By LISA M. REED
NORWAY - Robert "Cubby" Martignon Sr. received his high school diploma on Friday.
Lisa M. Reed/The Daily News Photo
Norway-Vulcan Area Schools Principal Joe Tinti, left, presents a diploma to Robert “Cubby” Martignon Sr. As a World War II veteran, Martignon was able to receive his high school diploma through Public Act 181 of 2001.
Martignon Sr. is a World War II veteran. He enlisted in the U.S. Navy after completing a final exam in his sophomore year at Norway High School.
"It's really nice to have. I didn't think it would be, but now that I got it in my hands, I feel very proud of it," said Martignon Sr. of his diploma.
Martignon Sr., 86, of Norway, is a wood carver and said he will probably make a frame to display his diploma.
Norway High School Principal Joe Tinti was excited about Martignon Sr. receiving his diploma.
The date on the diploma is Oct. 22, 2012, and was signed by Tinti, Superintendent Louis Steigerwald, and school board members Mary Pat Madigan, secretary and Candy Brew, president.
Tinti said a copy of Martignon's diploma will be stored in the vault at the school like all other graduates records.
Chuck Lantz, director of Office of Veterans Affairs serving Dickinson County, said under Michigan Public Act. 181 of 2001, a diploma is issued to a World War II veteran that didn't receive it because they enlisted in the U.S. Armed Services prior to graduation.
"His son pursued it for him and he applied through the high school under the Public Act," Lantz said.
Robert Martignon Jr. said he is glad his father was able to receive his diploma.
"Getting his diploma was something he always wanted," he said.
Martignon Jr. contacted Lantz, and once his father's honorable discharge papers were presented, research on the topic was done.
Martignon Sr. may be the first World War II veteran from Norway to receive a diploma after serving in the war.
World War II
Martignon Sr. said when he was sophomore in high school in 1944, he took his final exam and then turned it in and told his teacher he quit school and was joining the U.S. Navy. He was 17 years of age.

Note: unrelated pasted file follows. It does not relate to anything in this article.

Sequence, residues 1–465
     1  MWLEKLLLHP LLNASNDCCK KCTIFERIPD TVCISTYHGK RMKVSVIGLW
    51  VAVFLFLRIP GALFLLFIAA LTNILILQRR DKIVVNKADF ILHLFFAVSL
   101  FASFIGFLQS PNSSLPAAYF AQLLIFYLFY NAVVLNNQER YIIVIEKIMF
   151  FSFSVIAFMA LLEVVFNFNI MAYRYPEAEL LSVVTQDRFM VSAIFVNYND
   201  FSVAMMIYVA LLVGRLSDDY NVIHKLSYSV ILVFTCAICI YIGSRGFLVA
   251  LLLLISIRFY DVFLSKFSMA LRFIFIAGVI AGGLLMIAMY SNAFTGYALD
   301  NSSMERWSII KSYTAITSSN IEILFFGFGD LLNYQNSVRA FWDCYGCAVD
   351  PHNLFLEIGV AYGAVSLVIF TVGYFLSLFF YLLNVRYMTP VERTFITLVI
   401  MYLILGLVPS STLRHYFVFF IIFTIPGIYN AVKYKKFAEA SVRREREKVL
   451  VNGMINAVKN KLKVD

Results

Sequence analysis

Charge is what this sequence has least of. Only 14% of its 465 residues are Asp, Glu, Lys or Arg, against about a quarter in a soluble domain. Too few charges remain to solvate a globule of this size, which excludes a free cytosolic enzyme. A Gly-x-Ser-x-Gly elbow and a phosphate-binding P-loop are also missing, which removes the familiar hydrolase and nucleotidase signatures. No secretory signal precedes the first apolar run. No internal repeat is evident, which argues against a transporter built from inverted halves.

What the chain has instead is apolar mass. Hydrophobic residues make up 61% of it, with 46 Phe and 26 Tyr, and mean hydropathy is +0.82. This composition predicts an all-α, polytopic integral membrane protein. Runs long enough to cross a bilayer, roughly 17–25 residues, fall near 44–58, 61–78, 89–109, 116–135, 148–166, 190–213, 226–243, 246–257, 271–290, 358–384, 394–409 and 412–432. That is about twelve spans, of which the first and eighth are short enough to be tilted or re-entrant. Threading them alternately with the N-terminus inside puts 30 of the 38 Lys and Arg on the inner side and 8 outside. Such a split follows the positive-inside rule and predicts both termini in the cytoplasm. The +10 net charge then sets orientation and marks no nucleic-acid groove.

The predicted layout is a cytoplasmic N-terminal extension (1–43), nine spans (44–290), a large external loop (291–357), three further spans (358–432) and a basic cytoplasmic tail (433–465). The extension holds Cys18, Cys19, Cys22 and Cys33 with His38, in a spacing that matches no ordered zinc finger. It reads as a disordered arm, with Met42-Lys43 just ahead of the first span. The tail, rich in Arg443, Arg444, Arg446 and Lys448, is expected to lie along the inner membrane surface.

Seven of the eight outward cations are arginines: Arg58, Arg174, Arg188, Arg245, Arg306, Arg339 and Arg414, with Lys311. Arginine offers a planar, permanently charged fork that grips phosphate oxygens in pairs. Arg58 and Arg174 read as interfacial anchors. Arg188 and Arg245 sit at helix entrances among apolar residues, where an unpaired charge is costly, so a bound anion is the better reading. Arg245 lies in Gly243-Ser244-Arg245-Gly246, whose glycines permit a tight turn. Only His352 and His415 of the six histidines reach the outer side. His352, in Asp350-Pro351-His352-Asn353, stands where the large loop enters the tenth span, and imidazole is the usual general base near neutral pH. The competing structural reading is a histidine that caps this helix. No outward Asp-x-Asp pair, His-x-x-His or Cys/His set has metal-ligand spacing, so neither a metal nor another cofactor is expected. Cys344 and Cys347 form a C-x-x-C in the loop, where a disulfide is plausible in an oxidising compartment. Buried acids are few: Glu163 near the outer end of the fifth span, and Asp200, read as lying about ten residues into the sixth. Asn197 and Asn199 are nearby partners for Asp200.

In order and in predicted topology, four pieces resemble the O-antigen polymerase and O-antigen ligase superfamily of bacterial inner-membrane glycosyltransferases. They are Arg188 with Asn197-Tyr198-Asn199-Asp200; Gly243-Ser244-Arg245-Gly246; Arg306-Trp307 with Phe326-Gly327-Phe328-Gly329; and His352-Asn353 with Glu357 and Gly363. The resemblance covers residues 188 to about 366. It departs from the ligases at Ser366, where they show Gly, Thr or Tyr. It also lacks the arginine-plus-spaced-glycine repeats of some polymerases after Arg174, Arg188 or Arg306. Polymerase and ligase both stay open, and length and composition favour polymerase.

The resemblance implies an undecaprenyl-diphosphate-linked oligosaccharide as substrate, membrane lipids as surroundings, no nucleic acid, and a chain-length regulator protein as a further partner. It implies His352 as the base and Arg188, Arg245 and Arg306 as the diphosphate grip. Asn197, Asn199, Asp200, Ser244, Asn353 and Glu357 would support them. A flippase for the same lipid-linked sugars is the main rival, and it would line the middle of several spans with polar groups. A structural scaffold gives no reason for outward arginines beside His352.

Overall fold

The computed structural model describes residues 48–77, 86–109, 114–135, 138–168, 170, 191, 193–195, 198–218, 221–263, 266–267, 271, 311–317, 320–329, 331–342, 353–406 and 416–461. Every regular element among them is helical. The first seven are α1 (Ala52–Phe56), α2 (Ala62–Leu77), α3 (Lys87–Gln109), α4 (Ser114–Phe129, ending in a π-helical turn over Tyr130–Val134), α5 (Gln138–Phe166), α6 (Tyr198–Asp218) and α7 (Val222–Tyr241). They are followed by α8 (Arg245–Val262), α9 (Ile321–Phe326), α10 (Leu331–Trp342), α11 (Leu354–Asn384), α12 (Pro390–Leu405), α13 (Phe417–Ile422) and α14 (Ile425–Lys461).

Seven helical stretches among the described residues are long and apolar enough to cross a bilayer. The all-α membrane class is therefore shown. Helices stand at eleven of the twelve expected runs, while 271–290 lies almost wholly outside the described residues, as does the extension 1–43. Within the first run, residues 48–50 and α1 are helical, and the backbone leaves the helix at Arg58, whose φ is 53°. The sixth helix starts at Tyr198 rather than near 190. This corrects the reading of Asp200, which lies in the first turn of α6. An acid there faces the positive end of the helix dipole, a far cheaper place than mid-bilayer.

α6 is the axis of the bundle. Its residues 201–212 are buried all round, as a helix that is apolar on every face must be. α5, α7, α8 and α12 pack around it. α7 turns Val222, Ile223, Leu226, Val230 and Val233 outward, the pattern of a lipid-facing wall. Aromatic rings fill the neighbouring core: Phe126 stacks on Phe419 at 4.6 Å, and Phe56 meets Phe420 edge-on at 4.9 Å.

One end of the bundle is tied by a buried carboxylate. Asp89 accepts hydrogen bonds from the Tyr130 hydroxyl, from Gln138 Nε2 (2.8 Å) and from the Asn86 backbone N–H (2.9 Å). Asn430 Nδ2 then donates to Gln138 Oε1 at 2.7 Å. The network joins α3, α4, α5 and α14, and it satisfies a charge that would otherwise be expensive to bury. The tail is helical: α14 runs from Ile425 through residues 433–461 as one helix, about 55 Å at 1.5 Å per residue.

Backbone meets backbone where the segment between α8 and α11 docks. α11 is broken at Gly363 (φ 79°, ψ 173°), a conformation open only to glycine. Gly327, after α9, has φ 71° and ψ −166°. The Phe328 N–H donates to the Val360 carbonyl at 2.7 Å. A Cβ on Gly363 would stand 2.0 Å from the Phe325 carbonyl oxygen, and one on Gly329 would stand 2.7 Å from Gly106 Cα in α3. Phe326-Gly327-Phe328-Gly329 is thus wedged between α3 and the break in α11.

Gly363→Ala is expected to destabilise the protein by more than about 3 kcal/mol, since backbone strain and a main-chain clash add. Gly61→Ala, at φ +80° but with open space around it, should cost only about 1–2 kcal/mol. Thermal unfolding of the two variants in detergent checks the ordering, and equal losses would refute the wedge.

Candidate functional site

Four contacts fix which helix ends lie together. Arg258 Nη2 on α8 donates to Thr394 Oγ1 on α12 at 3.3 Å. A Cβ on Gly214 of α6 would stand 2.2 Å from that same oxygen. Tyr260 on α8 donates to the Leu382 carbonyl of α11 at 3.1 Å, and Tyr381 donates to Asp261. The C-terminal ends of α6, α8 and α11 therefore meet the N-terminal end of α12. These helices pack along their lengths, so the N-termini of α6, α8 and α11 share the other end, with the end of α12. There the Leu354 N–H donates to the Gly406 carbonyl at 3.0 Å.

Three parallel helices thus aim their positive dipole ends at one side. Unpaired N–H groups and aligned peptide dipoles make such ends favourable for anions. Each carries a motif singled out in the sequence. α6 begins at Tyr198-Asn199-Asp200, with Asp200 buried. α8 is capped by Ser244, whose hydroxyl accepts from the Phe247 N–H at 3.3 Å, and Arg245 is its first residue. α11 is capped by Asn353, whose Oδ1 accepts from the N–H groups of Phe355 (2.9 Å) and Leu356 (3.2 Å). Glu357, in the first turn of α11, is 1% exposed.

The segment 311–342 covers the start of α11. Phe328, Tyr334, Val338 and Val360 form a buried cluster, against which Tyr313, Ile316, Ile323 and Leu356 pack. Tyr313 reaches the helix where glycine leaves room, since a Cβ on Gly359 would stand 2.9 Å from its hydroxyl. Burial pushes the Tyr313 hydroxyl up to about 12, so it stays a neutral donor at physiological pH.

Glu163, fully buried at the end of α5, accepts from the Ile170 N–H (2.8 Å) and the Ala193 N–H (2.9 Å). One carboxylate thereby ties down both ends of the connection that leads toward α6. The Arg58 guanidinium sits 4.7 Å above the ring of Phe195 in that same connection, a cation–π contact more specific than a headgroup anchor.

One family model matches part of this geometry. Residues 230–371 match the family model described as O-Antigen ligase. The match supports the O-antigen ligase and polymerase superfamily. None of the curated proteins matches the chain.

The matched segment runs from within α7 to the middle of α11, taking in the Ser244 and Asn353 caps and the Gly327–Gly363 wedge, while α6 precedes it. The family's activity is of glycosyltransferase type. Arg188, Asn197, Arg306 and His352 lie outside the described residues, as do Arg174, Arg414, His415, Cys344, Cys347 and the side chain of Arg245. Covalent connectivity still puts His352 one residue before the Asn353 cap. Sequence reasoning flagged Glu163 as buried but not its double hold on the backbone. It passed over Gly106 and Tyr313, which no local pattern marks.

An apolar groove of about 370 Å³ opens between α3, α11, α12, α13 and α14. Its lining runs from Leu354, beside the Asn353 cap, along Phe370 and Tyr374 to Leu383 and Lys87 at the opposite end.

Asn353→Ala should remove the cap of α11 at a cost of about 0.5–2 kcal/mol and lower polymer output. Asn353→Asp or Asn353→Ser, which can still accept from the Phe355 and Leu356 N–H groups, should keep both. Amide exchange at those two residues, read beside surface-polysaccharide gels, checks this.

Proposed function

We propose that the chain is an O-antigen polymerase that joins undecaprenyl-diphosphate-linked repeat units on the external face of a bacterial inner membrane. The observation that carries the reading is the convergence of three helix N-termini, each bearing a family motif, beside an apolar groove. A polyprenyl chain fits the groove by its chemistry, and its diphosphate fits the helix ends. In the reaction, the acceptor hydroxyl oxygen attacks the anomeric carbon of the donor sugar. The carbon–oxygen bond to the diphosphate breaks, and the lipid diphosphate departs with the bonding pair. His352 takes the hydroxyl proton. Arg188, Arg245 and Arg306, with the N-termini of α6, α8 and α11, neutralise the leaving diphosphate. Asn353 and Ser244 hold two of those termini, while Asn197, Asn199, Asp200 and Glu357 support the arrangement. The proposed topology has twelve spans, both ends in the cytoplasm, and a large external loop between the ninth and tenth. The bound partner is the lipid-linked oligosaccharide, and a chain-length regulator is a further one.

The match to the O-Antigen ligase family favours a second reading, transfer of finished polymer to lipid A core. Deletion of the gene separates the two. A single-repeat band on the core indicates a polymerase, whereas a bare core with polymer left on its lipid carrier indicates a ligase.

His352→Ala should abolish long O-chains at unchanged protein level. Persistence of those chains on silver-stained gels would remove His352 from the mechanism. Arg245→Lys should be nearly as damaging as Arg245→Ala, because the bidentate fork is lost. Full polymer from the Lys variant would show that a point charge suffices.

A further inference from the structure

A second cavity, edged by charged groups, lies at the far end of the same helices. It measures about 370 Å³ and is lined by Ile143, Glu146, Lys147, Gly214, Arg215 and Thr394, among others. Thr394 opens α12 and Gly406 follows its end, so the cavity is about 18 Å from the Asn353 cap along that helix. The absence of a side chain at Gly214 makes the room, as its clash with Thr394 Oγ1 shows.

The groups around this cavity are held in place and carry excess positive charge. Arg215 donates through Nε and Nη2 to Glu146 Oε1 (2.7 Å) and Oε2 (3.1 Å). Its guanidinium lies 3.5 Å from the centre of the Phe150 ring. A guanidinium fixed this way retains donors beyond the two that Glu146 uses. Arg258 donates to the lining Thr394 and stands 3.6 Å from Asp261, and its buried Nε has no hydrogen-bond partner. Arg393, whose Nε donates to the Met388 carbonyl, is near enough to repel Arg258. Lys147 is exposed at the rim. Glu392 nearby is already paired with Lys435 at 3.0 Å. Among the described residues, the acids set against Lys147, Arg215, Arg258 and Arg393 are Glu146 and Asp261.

Martignon Sr. said his mother was against his decision.
"I was almost 18 when I enlisted, and she wouldn't sign the papers and said I would get drafted," he said.
The Norway native went on to serve 22 months in the U.S. Navy aboard an LCSL (landing craft support large).
"I missed the invasion of Okinawa by a month," he said. "But it wasn't over when I got there. We were supposed to go in with the Higgins boats (which carried in the U.S. Marines and U.S. Army), which fired rockets, 120 of them. Each one had six pounds of explosives in them and would destroy mine fields and clear the beach for Higgins boats to land."
Martignon Sr. said when the war ended, a lot of ships went to Japan, but he and his crewmates were sent to Korea and China to destroy mines and stop smugglers at the beginning of the Korean War.
"We had to make sure there were no guns or military on board (the other ships)," he said.
By January 1945, Martignon said the crew slowly made its way back to the United States.
"It took 28 days to get back from China, and the captain said we would go past Hawaii," he said.
Martignon said they did stop off in Hawaii for a mini vacation on the way back to the states.
Once back in Norway, Martignon worked at the Ford Motor Co. and then, while in Racine, Wis., he met his wife, Betty.
"I didn't like it down there, so we moved back to Norway and I got a job for the city of Norway as a wastewater treatment plant operator," he said.
He worked for the city until retirement.
His wife, Betty, died in 1992. The two had three children together.
Martignon Sr. wishes he would have pursued his diploma when he got out of the service as it would have helped him get jobs.
He credits gunnery school for teaching him how to fire guns during the service.
"Of all the places I have been, I've seen a lot, with Pearl Harbor and we took our supplies to Quadraline Island in the Pacific and from there, we went to Siban and then Okinawa," he said.
Martignon Jr. said he is glad his father survived the war.
"He was protecting a lot of vital areas. He shot down five Japanese planes and was almost shot. If the atomic bomb had not been dropped, he probably would have been killed," he said.
Martignon Jr. added his father sacrificed a lot for his country by leaving high school before graduation.
"I wish other people could see this. If my father could do this, so can they," he said about his father getting his diploma as a World War II veteran. "A diploma at that age group means a lot. It's a neat thing for me for my dad to get this. He has big smile on face."
Martignon Sr. has two other children, Father John Martignon of Houghton and a daughter, Sandra Johnson.
Lisa M. Reed's e-mail is email@example.com.